Many of these references were hidden, subtle or appeared in the beautifully shot title sequence. I have alot of respect for Zack Snyder for doing that.
One little gripe, the group were on two occasions named "The Watchmen" in dialogue. Which may seem like a confusing complaint to people unfamiliar with the source material, but they were never referred to that way in the book. The title derives from the graffiti that reads "Who watches the watchmen."
The real brilliance of this movie is how little it cares for Hollywood conventions. Much like the book from which is has derived it does not bend to tradition. No large action set pieces were shoehorned into the movie to pull in wider audiences, none of the characters were flawless perfect superhero types and the ending remained far from happy.
Overall, I cannot sing Zack Snyders praises enough.
I was thrilled with how the film turned out and cannot wait for the directors cut, which will contain 40 more minutes of film.
If you're a fan of the books, you MUST see this movie.
If you're not, should definitely consider it.
Thanks for reading.
Saturday, 28 February 2009
The response to the first collection of 3 mini-blogs was mostly positive, so here is another dose of random blogage. (Yup, another made up word which will no doubt feature in the title of Bloglettes 3.)
Google Search Terms
Ok, I’ll be the first to admit that most of my traffic is made up of my friends and people who know me from either the real world and the Internet world. I think only a small percentage of my traffic is built up of people who don’t know me.
Occasionally random people trickle through from search engines such as Google. I know this because I use something called Google Analytics to observe my web traffic and I’ll be honest when I say that it’s surprisingly thorough. At first I used to just look at the “Visits” statistic once in a while and leave it there, but one day I found out it does much more than that. It can tell me where every individual visit originates from, what percentage of my traffic use mac vs. windows, what browsers people are using and even how people got to my site.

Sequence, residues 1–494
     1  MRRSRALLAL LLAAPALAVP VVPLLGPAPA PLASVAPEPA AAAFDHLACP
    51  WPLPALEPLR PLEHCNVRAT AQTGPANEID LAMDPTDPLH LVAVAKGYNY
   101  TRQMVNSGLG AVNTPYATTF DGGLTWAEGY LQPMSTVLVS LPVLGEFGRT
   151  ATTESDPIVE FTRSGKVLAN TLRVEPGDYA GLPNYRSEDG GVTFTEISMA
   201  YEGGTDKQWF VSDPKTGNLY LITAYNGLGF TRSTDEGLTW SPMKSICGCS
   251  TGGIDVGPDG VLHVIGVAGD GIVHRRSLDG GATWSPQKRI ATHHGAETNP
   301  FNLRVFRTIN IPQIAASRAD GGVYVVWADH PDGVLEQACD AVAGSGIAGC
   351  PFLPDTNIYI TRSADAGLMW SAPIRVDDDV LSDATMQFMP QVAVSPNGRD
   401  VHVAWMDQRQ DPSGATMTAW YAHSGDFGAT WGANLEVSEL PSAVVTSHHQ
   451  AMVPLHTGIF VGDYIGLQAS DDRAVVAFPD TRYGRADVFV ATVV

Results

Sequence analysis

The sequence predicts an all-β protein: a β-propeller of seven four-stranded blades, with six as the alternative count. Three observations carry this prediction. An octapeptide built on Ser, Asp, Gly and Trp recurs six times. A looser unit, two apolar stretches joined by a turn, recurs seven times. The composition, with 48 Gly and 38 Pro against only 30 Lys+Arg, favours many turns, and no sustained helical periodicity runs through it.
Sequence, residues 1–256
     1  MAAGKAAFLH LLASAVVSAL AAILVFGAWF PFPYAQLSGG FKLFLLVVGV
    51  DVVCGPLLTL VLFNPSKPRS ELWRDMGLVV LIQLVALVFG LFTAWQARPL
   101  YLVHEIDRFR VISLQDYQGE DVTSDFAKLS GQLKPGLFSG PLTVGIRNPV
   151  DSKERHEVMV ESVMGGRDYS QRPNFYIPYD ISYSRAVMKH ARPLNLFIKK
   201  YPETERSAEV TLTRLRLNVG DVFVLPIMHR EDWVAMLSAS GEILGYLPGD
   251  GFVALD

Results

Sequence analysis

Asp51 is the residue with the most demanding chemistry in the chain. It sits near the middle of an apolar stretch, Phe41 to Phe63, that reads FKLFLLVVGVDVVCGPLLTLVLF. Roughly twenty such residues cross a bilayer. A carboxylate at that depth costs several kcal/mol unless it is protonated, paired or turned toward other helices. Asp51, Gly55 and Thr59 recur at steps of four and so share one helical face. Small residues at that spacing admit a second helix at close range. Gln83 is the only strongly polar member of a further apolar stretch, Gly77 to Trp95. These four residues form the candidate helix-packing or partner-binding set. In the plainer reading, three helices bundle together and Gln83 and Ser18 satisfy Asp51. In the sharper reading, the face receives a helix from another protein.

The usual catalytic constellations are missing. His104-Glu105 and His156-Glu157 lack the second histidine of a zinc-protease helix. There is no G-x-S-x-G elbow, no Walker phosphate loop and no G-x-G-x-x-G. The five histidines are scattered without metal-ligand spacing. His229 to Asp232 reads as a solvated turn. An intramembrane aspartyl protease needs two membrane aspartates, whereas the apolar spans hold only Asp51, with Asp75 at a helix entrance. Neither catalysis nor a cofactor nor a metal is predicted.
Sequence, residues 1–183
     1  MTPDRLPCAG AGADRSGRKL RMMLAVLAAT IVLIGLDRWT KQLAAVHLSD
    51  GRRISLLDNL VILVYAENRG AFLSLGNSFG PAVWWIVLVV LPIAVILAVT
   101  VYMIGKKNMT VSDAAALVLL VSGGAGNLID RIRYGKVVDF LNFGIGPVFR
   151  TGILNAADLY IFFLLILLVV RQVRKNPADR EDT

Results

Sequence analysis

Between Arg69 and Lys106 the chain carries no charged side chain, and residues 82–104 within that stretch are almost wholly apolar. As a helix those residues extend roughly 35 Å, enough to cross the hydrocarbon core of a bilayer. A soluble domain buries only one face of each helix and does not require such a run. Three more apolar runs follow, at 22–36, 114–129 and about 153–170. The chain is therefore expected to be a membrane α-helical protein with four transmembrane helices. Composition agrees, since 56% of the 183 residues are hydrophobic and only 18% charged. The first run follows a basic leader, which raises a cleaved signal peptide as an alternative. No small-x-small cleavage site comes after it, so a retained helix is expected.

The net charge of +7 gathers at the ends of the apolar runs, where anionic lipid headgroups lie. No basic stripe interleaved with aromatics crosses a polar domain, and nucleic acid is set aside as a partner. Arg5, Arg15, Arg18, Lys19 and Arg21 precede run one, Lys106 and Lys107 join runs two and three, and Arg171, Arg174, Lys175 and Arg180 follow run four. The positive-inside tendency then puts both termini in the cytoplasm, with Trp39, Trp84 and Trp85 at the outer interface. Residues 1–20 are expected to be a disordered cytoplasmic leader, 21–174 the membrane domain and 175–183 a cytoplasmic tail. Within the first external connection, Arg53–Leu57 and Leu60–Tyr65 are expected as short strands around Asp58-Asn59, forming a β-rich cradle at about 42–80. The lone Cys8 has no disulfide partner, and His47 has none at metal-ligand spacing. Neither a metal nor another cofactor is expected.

The other day I noticed that the tab marked Google didn’t just show me the number of people who came to my site from the search engine, but it also showed what search terms people used to find me.
And can I just say…
What the fuck people?
What the fuck?
I clicked a second tab to list the top 20, here is a cropped image from the webpage. (If anyone wants a full print screen of this to prove it’s real, email me. email@example.com)
Now you have read that list, I would like to discuss a few of them.
No. 8 – directors cut o lder cunt
Well I can only assume that this one was supposed to read “Directors Cut Older Cunt” and all I can say to that is I don’t want to know what that guy was looking for.
And I hope to god he didn’t find it here.
No. 9 – drunken pillocks
Ok, this one makes more sense to me. I can imagine somewhere in the world another human being in this unlikely but possible situation where they find themselves typing this into Google. But here is my question…
What the fuck google?
Why did you send them here?!?!?!
Was this some new form of Internet bullying?
Was Google trying to insult me by putting me as a result for this search?
Did Google have a merry little laugh at my expense?
Honestly Google, how in anyway is this website what that guy was looking for? When someone searches for something do you just put every page on the entire internet up in order of relevance hoping that no one will ever catch you out by going to page 890393932 and noticing the sites you’re listing have nothing to do with the original search query?
I tried to look it up. I typed ‘drunken pillocks’ into google and went through the first 80 pages and didn’t find areyoustilltalking.net anywhere. I gave up after that, but someone didn’t. I accepted the possibility that someone searched this phrase, but I genuinely can’t understand anyone going through 80 plus pages of that.
Of course the jokes on me, because now I have used the term so many times I will probably feature near the top of the results now.
12. lonely hearts in bournemouth
Your words cut me so deep.
Why must you continue to hurt me?
On what plane of existence does Google assume I’m a lonely heart?
Can I just clear up the fact that I have a girlfriend who I have been with for nearly 4 years now.
15. procrastination in a.a.
Well, I have to assume this is in reference to Alcoholics Anonymous and not the Automobile Association. They procrastinate enough for everyone.